News & Commentary

Two studies of MA network size paint two very different pictures


Peter Wehrwein

Medicare beneficiaries are flocking to Medicare Advantage for many reasons, some of which may have to do with the plans being overpaid. Regardless, one of the presumed drawbacks of casting your Medicare lot with an MA plan is that you will have fewer physicians to choose from (and therefore lack access to desirable ones). A 2017 Kaiser Family Foundation report confirmed that presumption. The Kaiser researchers found that roughly a third (35%) of Medicare beneficiaries were in MA plans with narrow networks, which for this and other studies is defined as a plan that includes less than 30% of the physicians in a county.

A study published in the April 2019 issue of Health Affairs painted a drastically different picture of MA plan networks—one that upends the prevailing wisdom. Yevgeniy Feyman, a Boston University School of Public Health PhD student, and his colleagues found that over 80% of MA plans had broad networks and less than 2%, narrow ones.

What accounts for the difference? In a word, methodology. The Kaiser researchers depended on provider directories and a database of physicians to ascertain network size. But provider directories are notoriously inaccurate, so Feyman and his colleagues ingeniously inferred plan networks by looking at prescribing patterns. If an MA plan member had gotten at least one prescription from a physician, that physician was considered to be part of that plan’s network. Their thinking was that plan members wouldn’t be getting prescriptions from out-of-network doctors so a doctor having written a prescription for an MA plan member is a reliable indicator for being in a plan’s network.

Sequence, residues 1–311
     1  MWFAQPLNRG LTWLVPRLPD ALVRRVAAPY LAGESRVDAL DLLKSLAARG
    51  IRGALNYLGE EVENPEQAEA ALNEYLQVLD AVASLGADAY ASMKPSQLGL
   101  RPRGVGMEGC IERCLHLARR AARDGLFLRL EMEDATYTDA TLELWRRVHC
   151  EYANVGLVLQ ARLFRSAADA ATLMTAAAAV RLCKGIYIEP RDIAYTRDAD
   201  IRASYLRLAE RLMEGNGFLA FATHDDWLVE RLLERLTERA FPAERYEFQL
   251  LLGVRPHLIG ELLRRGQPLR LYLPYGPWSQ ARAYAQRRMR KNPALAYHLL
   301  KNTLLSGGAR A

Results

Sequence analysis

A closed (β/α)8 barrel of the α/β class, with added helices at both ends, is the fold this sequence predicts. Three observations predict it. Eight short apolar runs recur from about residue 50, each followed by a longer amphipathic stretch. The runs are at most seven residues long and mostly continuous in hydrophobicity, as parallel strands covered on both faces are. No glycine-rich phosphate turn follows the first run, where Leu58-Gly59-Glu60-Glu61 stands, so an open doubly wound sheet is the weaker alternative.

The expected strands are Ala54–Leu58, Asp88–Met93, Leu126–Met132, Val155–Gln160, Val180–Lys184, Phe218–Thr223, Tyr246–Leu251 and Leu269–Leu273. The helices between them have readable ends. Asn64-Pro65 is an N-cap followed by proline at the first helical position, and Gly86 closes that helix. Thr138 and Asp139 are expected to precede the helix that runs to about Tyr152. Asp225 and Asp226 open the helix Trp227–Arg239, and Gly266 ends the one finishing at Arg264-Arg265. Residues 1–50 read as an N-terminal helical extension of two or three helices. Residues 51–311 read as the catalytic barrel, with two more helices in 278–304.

Another big difference is that the Kaiser study included all physicians while Feyman et al. included just primary care physicians, although when the Kaiser researchers broke out the figures for primary care physicians, their results were much the same as those for all physicians.

Feyman was diplomatic when we spoke with him: “I think our approach sheds light on narrow networks in a different way.” By depending on provider directories, the Kaiser researchers were taking an approach that is based on what MA plan members experience when they look for a physician, he noted. His group’s approach may be useful for regulators and policy­makers because they can “get to what is actually under the hood.”

Feyman also cautioned against characterizing narrow networks as a bad deal for MA members (“we can’t make normative statements”). Some of his future research will look at whether narrow networks are offset by, say, lower premiums and copays.

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